Jagannath Panda’s much anticipated show at the Nature Morte gallery, The Action of Nowhere, features sculptures and paintings that employ fabric, fibreglass and acrylic paint on canvas to explore points where the world of man, animal and vegetation intersect. They touch upon issues of ecology and the effect of human activity upon the environment, but they also seem go farther to look at things beyond the physical world—one that explores the impact of modernity on man and his world at what can perhaps be called a spiritual plane. Edited excerpts:

What would you say is the general theme of your show?

The Action of Nowhere

Why the car crashes?

Cars are beautiful objects; even objects of luxury—they are made with good intention, but then something is lacking somewhere. For me they embody and reflect the dilemma of the traditional versus the modern; and the urban versus rural. There is also the idea and place of the machine; and of the desire for a medium path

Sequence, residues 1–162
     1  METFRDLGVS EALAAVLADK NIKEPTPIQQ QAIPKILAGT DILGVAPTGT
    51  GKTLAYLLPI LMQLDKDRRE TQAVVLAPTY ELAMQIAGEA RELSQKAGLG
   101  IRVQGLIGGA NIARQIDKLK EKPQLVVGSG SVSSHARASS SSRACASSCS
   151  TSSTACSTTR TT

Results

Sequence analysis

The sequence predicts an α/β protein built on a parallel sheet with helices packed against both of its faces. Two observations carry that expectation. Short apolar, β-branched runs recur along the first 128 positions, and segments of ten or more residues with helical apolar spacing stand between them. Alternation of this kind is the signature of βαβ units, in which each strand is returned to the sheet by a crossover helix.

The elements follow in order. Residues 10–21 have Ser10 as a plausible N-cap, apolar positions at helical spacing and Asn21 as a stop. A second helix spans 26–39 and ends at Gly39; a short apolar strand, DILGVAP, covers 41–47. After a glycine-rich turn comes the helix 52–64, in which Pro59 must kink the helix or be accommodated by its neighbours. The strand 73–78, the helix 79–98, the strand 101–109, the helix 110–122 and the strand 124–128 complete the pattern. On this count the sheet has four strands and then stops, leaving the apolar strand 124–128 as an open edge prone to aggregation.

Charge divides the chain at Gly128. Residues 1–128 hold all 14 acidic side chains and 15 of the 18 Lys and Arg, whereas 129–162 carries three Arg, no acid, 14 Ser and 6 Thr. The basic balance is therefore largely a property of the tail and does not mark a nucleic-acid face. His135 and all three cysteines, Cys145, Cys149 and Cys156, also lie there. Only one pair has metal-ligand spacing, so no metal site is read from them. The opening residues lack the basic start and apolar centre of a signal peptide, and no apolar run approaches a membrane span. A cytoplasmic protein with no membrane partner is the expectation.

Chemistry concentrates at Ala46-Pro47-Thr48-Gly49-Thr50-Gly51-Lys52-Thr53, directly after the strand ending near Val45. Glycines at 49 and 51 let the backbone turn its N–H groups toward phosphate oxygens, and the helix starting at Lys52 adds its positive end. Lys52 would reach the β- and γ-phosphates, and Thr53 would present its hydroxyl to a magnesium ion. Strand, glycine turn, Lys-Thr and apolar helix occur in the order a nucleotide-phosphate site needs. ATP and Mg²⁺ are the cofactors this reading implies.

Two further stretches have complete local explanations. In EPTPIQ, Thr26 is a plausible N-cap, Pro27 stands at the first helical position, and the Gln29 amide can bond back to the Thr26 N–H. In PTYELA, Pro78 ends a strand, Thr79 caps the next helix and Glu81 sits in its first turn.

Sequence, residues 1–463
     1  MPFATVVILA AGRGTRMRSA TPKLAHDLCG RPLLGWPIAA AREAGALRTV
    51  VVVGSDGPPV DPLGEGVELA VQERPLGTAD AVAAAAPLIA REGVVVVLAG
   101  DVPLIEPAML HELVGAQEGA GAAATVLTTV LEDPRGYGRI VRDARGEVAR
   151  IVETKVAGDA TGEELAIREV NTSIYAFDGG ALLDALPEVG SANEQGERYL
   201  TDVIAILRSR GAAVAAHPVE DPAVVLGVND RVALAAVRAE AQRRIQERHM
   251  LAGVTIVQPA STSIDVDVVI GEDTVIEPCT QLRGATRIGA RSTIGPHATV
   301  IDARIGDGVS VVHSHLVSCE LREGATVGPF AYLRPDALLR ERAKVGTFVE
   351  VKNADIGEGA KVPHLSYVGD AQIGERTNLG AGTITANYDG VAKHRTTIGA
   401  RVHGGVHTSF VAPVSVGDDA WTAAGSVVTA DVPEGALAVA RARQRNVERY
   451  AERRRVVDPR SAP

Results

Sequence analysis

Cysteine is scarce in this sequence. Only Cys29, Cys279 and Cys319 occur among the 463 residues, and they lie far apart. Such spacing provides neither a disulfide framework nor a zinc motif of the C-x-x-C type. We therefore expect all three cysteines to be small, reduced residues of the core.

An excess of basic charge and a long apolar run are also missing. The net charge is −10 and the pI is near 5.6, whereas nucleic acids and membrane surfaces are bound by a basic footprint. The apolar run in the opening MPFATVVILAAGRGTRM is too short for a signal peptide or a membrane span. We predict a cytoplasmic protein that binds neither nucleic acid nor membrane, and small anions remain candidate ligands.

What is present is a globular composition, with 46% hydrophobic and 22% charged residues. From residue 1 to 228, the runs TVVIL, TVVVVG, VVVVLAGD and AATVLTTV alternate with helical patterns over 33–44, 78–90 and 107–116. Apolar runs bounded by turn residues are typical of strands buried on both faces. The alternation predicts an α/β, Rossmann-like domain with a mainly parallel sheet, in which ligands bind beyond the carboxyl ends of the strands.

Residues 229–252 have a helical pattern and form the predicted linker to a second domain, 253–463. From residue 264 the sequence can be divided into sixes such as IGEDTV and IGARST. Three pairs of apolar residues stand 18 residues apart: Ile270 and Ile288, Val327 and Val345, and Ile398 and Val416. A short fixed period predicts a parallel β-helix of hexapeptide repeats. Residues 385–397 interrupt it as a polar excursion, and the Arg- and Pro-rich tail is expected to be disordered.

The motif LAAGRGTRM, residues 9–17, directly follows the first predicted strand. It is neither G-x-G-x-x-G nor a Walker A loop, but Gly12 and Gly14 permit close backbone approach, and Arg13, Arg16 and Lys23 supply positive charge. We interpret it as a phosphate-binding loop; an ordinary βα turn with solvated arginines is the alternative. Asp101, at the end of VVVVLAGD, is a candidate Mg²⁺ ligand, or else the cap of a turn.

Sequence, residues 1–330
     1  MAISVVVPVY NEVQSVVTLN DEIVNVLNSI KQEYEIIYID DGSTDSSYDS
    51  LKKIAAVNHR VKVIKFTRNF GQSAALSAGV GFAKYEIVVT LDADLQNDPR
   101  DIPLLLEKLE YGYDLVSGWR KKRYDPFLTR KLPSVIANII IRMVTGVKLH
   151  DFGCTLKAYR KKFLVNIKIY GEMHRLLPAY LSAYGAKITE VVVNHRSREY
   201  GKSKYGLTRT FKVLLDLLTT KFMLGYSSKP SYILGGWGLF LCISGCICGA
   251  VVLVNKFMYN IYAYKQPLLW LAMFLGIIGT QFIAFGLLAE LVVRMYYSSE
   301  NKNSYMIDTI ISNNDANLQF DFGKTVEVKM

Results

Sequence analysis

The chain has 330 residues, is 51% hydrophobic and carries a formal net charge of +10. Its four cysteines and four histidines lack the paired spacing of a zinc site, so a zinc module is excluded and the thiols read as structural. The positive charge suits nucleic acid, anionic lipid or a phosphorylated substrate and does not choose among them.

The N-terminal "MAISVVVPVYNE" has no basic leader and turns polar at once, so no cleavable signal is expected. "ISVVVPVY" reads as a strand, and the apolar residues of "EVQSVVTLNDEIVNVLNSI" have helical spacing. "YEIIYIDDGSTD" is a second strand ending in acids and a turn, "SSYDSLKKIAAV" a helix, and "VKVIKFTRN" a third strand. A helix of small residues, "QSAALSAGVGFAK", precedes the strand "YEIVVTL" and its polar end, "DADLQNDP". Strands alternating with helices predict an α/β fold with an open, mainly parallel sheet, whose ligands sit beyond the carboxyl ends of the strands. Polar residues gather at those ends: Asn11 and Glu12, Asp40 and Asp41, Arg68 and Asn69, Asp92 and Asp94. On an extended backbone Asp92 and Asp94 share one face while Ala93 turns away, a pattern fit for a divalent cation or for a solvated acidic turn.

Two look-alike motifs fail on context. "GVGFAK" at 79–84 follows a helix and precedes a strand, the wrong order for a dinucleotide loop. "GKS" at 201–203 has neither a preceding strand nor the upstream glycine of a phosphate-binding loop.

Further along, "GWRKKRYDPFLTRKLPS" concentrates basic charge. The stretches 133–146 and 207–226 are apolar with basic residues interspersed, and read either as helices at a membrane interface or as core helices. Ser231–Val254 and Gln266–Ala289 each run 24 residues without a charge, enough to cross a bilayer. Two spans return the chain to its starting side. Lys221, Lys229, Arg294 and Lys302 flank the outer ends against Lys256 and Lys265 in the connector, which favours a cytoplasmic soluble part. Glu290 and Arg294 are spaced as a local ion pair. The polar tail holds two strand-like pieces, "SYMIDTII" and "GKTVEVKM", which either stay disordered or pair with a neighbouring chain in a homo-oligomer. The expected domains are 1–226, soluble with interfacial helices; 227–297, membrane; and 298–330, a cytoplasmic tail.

What is the significance of the animals?

The rhino sculpture is made of fibreglass which is covered by fabric, which makes its body look like flesh. To me it recalls (the) Kaziranga (national park); and the problem of migration and human movement there—the local versus the outsider. To me my works are about bringing the barrier between species—human, animal, plant life—down. At one level, the works to me are about transforming the self into different life-forms to understand the self.

What dictates your choice of material used to create the artworks?

The Lost Site

Man, animal and plant life—they come together in your works and are central to them.

To me it’s about cohabitation. There is development happening—we are told Delhi has some very old trees but then trees have been cut for the construction of the Metro. The question is how do we balance it? How a nice harmony can be created? I try and achieve a certain balance in the material I use; and the idea of balance is also a theme in the works themselves.

The Action of Nowhere is on at Nature Morte Gallery, Niti Bagh, New Delhi till 5 September